Accessible Search Form           Advanced Search

Skip left side navigation and go to content


Needs and Opportunities to Study Hypersensitivity Pneumonitis
Executive Summary

Full text of the published article is now available.

The National Heart, Lung, and Blood Institute in collaboration with the Office of Rare Diseases convened a Working Group on May 10-11, 2004, in Bethesda, Maryland to identify the opportunities for scientific advancement in Hypersensitivity Pneumonitis (HP). The Working Group participants discussed the current disease definition, methods to establish the diagnosis, occupational exposures, animal models, immunology, and host risk factors. It was recognized by the Working Group, that despite its putatively low prevalence, the impact on individuals of all ages continues to be a major health risk. Furthermore, the lack of recognition and limited understanding of the mechanisms of the disease have fostered development of chronic cases whom in general have been exposed to low levels of antigen for prolonged periods. Although removal from exposure may provide partial improvement, the overall treatment alternatives are limited. The group reviewed the current status of HP research and from these discussions provided the Institute with recommendations for new research opportunities to improve the accuracy of clinical diagnosis and investigate mechanisms.

The general recommendations of the Working Group are to:

  • Establish a multi-center collaboration to enhance the understanding of the disease, including a tissue and radiographic repository to assist in the characterization of the disease.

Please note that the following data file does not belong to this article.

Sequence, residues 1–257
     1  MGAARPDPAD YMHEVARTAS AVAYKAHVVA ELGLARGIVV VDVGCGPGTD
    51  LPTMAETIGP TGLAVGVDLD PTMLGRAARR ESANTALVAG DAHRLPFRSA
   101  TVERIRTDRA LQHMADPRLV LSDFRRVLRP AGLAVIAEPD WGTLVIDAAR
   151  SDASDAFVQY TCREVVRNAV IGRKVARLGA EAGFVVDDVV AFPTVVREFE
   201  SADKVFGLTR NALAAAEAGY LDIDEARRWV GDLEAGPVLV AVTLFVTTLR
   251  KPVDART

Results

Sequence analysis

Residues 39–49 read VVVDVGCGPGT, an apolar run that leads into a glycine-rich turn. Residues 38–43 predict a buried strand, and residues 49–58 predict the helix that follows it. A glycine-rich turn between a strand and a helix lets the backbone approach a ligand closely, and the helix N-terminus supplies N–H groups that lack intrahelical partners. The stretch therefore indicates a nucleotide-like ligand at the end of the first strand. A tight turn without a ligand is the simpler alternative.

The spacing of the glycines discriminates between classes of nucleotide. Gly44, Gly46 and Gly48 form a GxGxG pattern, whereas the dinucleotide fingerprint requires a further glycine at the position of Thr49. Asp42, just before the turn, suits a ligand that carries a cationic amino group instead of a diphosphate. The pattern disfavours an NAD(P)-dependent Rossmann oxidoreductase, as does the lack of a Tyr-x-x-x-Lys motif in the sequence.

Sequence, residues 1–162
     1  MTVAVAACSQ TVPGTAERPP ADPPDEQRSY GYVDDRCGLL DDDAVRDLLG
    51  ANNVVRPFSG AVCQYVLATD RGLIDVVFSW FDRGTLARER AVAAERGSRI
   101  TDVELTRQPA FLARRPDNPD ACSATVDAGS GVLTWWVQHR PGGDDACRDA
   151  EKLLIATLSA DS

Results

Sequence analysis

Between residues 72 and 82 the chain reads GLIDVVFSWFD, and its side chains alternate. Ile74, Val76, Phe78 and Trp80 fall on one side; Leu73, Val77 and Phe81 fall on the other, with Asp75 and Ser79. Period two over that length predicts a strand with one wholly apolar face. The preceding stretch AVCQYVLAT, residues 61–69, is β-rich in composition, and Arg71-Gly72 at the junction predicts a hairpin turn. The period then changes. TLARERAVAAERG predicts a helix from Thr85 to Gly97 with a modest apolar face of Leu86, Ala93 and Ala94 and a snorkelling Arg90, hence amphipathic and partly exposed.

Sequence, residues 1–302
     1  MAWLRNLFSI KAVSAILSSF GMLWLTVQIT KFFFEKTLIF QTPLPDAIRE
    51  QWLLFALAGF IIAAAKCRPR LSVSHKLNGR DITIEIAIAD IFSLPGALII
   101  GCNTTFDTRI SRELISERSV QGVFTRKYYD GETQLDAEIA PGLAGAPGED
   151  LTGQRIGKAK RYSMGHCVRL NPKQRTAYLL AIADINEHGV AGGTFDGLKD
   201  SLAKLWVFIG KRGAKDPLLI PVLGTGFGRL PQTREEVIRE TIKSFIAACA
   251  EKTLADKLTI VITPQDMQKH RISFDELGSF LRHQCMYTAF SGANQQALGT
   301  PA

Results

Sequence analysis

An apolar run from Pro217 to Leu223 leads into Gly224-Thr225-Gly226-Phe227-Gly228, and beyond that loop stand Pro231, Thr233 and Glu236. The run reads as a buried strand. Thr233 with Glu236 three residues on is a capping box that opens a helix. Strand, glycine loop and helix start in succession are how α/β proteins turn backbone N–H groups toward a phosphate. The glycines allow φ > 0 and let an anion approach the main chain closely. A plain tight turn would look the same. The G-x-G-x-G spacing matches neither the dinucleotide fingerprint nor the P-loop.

• Define the natural history of the disease in the context of other lung diseases such as asthma and COPD. There is a need for better criteria for diagnosis.
  • Use of circulating mononuclear cells or lymphocyte subsets isolated from peripheral blood in research may provide additional information to establish the diagnosis.
  • Develop population-based studies, particularly in settings where the disease is endemic to provide additional insights for uniformity in environmental and clinical characterization of such cases.
  • Use of minimally invasive biomarkers (e.g. nasal lavage, induced sputum, exhaled breath condensates, etc) in the diagnosis of the disease.
  • Develop a battery of standardized antigens for diagnosis and make them available to clinicians.
  • Use of quantitative and qualitative CT in prospective evaluation and longitudinal follow-up studies of HP and other organic dust diseases.
  • Conduct genetic studies in the context of gene-environment interaction to better understand host risk factors.

Working Group Members

Chair: Jordan N. Fink, M.D., Medical College of Wisconsin


  • Yves F. Cormier, M.D., Hospital Laval, Canada
  • Leland L. Fan, M.D., Texas Children's Hospital
  • Teri J. Franks, M.D., Department of Pulmonary and Mediasyinal Pathology
  • Kay Kreiss, M.D., National Institute for Occupational Safety and Health
  • Steven Kunkel, Ph.D., University of Michigan Medical School
  • David Lynch, M.D., MBBS, University of Colorado Health Science Center
  • Santiago Quirce, M.D., Ph.D., Fundacion Jimenez Diaz, Alergia, Spain
  • Cecil Rose, M.D., MPH, National Jewish Medical Research Center
  • Robert Schleimer, Ph.D., Johns Hopkins University
  • Mark R. Schuyler, M.D., VA Medical Center, Albuquerque, New Mexico
  • Moises Selman, M.D., Inst. Nat. Enfermedades Resp., Mexico
  • Douglas Trout, M.D., National Institute for Occupational Safety and Health
  • Yasayuki Yoshizawa, M.D., Tokyo Dental and Medical University, Japan


  • Hector Ortega, M.D., Sc.D., Division of Lung Diseases
  • Herbert Reynolds, M.D., Division of Lung Diseases

July 2004

Twitter iconTwitterimage of external icon Facebook iconFacebookimage of external icon YouTube iconYouTubeimage of external icon Google+ iconGoogle+image of external icon